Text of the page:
I think it was in J. D. Salinger’s Raise High the Roofbeam, Carpenter that the word jeechet first appeared in print. It has always fascinated me because it is clearly one single word phonologically (a phonological word is easily defined as a series of linguistic sounds bearing a single accent). However, this ‘word’ corresponds to an entire four-word sentence!
Now, before you say that this is not a word but just the result of lazy speakers slurring their speech, let me assure you that linguists can track every single change from the sentence to the word using common rules of English phonology, i.e. rules that occur widely elsewhere and throughout the language. Here they are for your amusement and edification.
The first rule is that function words (monosyllabic pronouns, auxiliaries, prepositions, etc.) like did are rarely accented except for emphasis which is irrelevant here. The second rule is that unaccented vowels occurring before the accented syllable like the [i] here are regularly dropped in English, e.g. p’lice for police, s’pose for suppose. Since did is unaccented, it attaches to [you] for accent and the [i] then disappears, giving us
ddyou eat yet
However, since English (unlike Italian, for instance) does not tolerate double consonants, [dd] regularly reduces to [d] resulting in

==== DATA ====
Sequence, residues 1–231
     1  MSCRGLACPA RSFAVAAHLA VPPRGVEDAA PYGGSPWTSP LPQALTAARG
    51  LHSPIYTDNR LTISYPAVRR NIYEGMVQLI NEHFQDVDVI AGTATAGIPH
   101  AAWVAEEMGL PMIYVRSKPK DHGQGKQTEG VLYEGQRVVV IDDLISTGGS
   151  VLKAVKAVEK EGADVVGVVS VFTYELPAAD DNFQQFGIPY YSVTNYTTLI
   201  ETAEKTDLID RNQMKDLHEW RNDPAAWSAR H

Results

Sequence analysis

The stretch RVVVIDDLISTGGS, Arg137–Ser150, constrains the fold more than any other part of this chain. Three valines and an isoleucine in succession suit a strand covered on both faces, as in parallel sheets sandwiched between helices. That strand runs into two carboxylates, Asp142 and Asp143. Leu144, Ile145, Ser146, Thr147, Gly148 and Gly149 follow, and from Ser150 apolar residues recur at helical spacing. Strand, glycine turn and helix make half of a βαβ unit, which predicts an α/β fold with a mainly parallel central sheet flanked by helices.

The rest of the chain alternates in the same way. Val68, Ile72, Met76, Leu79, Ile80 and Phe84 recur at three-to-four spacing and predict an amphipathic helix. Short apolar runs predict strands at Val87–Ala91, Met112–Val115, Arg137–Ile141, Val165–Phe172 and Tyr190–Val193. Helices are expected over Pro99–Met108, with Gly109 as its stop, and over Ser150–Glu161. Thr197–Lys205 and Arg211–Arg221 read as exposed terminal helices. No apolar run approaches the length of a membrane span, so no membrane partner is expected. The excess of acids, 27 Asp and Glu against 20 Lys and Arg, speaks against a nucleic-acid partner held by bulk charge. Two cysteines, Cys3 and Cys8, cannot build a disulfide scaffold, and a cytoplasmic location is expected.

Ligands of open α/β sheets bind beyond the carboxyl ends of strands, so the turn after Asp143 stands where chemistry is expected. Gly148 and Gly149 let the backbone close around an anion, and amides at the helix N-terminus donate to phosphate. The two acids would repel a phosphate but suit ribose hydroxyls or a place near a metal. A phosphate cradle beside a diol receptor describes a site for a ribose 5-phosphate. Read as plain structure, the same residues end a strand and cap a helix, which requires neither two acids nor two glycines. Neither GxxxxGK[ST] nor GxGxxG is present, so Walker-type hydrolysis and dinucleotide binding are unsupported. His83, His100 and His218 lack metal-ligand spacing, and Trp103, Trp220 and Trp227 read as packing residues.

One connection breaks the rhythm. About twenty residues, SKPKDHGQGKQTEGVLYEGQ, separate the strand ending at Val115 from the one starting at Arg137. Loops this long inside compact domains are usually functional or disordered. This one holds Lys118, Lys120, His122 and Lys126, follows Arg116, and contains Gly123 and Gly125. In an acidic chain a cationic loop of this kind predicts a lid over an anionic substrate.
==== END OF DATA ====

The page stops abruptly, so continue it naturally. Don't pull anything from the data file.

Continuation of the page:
dyou eat yet
Since you is another function word, it isn’t accented either and is regularly reduced to yê where [ê] represents a schwa, pronounced, roughly, [uh] dyê eat yet. However, since it is not accented, it must attach to the following word for accent, giving us
The only accent in this sentence is on eat which means that the vowel [ê] is now an unaccented vowel preceding the accented one and so falls to the ax of the second rule mentioned above, resulting in
Next, the combination [dy] regularly reduces to [j] and [ty] to [ch], e.g. mature [mêtyur > [mêchur] and picture [piktyur] > [pikchur]. Since the accent is on eat in this sentence, both the [dj] and [ty] are subject to this rule, which reduces our sentence further to
pronounced [djeechet]. Of course, the sound [j] is a combination of [d] + [zh], the sound of the Z in azure. This makes the [d] redunant, giving us
One reason we can’t determine the number of words in a language is because a phonological word (the sound part) does not always directly correspond to a semantic word (the meaning). According to Dr. Language at yourDictionary.com (also me), “I would have” comprises 3 distinct sounds and meanings but “I’d've” is a single two-syllable phonological word that matches the same three meanings—one word or three?
Speaking a language involves a complex set of mental activities in different parts of the brain each of which follows its own rules. The output of these rules are plotted onto the input of others in ways linguistics is still exploring. One of the most remarkable aspects of language is the surprising variety of rules and interaction of rules that the brain must carry out in order for us to express ourselves and be understood.
No other ‘word’ in the English language exemplifies the labrynthine nature of the levels of grammatical rules and their interactions better than jeechet.